I think we ought always to entertain our opinions with some measure of doubt. I shouldn't wish people dogmatically to believe any philosophy, not even mine.

If a man is offered a fact which goes against his instincts, he will scrutinize it closely, and unless the evidence is overwhelming, he will refuse to believe it. If, on the other hand, he is offered something which affords a reason for acting in accordance to his instincts, he will accept it even on the slightest evidence. The origin of myths is explained in this way.

In all affairs it's a healthy thing now and then to hang a question mark on the things you have long taken for granted.

It has been said that man is a rational animal. All my life I have been searching for evidence which could support this.

Passive acceptance of the teacher's wisdom is easy to most boys and girls. It involves no effort of independent thought, and seems rational because the teacher knows more than his pupils; it is moreover the way to win the favour of the teacher unless he is a very exceptional man. Yet the habit of passive acceptance is a disastrous one in later life. It causes man to seek and to accept a leader, and to accept as a leader whoever is established in that position.

Patriots always talk of dying for their country but never of killing for their country.

So far as I can remember, there is not one word in the Gospels in praise of intelligence.

The universe may have a purpose, but nothing we know suggests that, if so, this purpose has any similarity to ours.

The whole problem with the world is that fools and fanatics are always so certain of themselves, but wiser people so full of doubts.

This is one of those views which are so absolutely absurd that only very learned men could possibly adopt them.

This is patently absurd; but whoever wishes to become a philosopher must learn not to be frightened by absurdities.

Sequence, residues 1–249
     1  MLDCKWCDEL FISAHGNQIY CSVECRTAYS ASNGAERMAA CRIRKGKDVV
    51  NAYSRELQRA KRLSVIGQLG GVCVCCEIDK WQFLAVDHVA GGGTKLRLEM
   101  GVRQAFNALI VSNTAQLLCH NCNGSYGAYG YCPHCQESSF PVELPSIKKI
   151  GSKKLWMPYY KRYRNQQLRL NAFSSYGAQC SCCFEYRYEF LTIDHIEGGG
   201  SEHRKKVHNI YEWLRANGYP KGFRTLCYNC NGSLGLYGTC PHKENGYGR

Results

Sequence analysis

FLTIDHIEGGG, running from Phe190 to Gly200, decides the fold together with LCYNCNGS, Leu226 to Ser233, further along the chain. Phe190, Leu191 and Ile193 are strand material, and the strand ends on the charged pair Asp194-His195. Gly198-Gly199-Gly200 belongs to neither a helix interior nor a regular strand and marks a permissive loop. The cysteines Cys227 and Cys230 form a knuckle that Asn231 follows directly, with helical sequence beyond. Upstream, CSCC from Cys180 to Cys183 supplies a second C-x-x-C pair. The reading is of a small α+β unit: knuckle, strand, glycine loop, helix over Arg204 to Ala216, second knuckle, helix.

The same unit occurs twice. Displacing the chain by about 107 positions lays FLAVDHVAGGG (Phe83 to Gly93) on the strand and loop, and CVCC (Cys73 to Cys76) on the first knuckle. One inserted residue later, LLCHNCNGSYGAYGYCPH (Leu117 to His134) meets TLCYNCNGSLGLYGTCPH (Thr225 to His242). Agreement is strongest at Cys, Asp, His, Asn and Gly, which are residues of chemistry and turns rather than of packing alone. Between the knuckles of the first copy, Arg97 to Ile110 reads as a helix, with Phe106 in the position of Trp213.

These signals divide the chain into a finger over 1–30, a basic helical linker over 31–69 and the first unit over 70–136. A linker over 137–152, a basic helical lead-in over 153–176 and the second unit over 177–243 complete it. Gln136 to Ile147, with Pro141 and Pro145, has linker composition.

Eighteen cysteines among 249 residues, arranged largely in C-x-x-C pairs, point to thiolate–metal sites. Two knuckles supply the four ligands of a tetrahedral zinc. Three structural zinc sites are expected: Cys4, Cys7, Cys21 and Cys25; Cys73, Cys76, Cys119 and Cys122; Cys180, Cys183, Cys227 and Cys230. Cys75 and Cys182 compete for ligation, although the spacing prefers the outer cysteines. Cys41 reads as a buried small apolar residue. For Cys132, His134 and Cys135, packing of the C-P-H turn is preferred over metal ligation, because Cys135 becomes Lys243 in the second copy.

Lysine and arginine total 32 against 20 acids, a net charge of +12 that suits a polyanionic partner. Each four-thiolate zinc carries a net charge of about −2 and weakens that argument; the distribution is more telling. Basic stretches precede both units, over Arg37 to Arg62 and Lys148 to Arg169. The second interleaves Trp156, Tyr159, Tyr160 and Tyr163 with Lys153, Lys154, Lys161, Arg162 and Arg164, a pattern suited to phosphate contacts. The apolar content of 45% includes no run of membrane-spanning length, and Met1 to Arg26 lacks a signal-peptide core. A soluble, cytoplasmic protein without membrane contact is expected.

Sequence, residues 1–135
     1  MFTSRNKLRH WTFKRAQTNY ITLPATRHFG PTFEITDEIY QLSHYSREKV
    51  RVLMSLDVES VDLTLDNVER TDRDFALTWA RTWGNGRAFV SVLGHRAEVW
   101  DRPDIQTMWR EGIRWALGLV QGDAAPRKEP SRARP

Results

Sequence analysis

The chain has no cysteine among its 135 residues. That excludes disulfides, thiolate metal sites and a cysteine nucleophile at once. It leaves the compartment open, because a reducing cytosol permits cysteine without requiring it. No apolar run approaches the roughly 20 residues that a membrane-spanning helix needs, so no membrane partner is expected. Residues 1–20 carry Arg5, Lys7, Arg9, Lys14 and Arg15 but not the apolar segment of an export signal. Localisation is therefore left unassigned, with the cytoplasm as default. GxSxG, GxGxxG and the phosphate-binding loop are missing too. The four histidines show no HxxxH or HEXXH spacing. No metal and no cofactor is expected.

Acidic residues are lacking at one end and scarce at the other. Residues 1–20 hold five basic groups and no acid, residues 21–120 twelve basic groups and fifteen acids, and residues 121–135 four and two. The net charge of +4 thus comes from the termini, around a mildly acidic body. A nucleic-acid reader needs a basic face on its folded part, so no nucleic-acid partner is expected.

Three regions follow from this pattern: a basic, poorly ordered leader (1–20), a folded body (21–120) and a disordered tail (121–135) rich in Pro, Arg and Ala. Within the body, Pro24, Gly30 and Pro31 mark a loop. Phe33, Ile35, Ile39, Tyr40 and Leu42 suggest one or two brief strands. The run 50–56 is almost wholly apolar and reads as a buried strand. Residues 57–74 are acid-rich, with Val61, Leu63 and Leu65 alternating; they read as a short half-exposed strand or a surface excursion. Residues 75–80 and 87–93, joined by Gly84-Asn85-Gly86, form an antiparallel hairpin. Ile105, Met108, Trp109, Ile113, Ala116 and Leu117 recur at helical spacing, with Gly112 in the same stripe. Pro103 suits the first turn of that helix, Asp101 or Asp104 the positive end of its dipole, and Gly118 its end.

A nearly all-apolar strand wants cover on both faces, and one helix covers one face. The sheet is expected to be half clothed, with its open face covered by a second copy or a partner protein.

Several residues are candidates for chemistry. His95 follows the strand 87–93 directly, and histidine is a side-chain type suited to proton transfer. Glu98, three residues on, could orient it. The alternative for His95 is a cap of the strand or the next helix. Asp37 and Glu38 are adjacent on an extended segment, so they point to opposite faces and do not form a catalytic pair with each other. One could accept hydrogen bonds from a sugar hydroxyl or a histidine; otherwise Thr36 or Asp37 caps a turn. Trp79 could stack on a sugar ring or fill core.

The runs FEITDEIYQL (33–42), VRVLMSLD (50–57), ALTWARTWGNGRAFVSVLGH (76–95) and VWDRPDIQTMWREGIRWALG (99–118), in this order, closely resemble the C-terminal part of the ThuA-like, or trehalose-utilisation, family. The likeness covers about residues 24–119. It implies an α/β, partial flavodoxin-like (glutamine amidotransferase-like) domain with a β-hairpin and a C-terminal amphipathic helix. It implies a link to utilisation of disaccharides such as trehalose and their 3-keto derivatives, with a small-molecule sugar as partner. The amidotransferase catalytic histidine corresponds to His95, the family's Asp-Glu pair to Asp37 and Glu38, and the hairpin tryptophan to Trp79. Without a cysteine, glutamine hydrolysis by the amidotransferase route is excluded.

When one admits that nothing is certain one must, I think, also admit that some things are much more nearly certain than others. It is much more nearly certain that we are assembled here tonight than it is that this or that political party is in the right. Certainly there are degrees of certainty, and one should be very careful to emphasize that fact, because otherwise one is landed in an utter skepticism, and complete skepticism would, of course, be totally barren and completely useless.

Aristotle maintained that women have fewer teeth than men; although he was twice married, it never occurred to him to verify this statement by examining his wives' mouths.

The fact that an opinion has been widely held is no evidence whatever that it is not utterly absurd; indeed in view of the silliness of the majority of mankind, a widespread belief is more likely to be foolish than sensible.

It is undesirable to believe a proposition when there is no ground whatsoever for supposing it is true.

A process which led from the amoeba to man appeared to the philosophers to be obviously a progress though whether the amoeba would agree with this opinion is not known.

Advocates of capitalism are very apt to appeal to the sacred principles of liberty, which are embodied in one maxim: The fortunate must not be restrained in the exercise of tyranny over the unfortunate.

Almost everything that distinguishes the modern world from earlier centuries is attributable to science, which achieved its most spectacular triumphs in the seventeenth century.

I would never die for my beliefs because I might be wrong.

In America everybody is of the opinion that he has no social superiors, since all men are equal, but he does not admit that he has no social inferiors, for, from the time of Jefferson onward, the doctrine that all men are equal applies only upwards, not downwards.

It is possible that mankind is on the threshold of a golden age; but, if so, it will be necessary first to slay the dragon that guards the door, and this dragon is religion.